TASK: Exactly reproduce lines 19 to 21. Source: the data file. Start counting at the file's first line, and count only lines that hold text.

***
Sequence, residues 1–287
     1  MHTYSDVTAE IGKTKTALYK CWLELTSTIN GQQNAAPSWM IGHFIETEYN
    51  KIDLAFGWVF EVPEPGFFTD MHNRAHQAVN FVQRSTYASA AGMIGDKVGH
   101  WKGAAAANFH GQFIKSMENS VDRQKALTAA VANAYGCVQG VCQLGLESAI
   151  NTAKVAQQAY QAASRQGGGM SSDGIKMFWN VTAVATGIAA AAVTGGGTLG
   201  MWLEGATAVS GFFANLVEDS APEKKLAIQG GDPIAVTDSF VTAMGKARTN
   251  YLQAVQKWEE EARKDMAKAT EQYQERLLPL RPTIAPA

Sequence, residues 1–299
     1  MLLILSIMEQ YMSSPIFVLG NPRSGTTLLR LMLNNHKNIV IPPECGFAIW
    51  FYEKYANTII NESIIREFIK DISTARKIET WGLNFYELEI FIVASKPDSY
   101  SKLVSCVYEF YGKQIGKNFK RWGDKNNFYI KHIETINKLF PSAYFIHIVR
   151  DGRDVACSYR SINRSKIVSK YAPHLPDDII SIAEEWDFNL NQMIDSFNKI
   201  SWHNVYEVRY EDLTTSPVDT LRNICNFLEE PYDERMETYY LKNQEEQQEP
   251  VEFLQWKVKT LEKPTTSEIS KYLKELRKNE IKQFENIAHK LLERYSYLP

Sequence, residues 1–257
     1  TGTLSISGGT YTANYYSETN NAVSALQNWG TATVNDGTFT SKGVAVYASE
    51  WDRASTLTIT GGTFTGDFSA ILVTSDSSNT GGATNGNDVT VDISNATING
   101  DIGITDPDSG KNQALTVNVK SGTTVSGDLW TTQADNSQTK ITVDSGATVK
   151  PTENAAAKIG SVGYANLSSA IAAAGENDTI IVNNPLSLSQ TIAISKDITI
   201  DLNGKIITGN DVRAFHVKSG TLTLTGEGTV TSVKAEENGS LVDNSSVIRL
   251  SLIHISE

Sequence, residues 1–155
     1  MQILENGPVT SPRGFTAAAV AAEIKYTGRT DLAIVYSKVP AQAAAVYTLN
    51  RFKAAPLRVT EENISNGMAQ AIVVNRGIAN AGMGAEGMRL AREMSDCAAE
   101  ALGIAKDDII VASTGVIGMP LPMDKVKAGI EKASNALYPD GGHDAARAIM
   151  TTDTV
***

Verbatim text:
   151  PTENAAAKIG SVGYANLSSA IAAAGENDTI IVNNPLSLSQ TIAISKDITI
   201  DLNGKIITGN DVRAFHVKSG TLTLTGEGTV TSVKAEENGS LVDNSSVIRL
   251  SLIHISE